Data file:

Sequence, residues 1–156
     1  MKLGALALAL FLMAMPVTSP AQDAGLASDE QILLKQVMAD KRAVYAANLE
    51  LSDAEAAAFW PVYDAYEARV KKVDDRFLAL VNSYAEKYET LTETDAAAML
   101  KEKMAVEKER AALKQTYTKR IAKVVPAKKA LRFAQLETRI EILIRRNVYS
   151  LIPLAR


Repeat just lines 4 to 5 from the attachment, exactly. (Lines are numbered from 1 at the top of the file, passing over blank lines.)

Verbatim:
   101  KEKMAVEKER AALKQTYTKR IAKVVPAKKA LRFAQLETRI EILIRRNVYS
   151  LIPLAR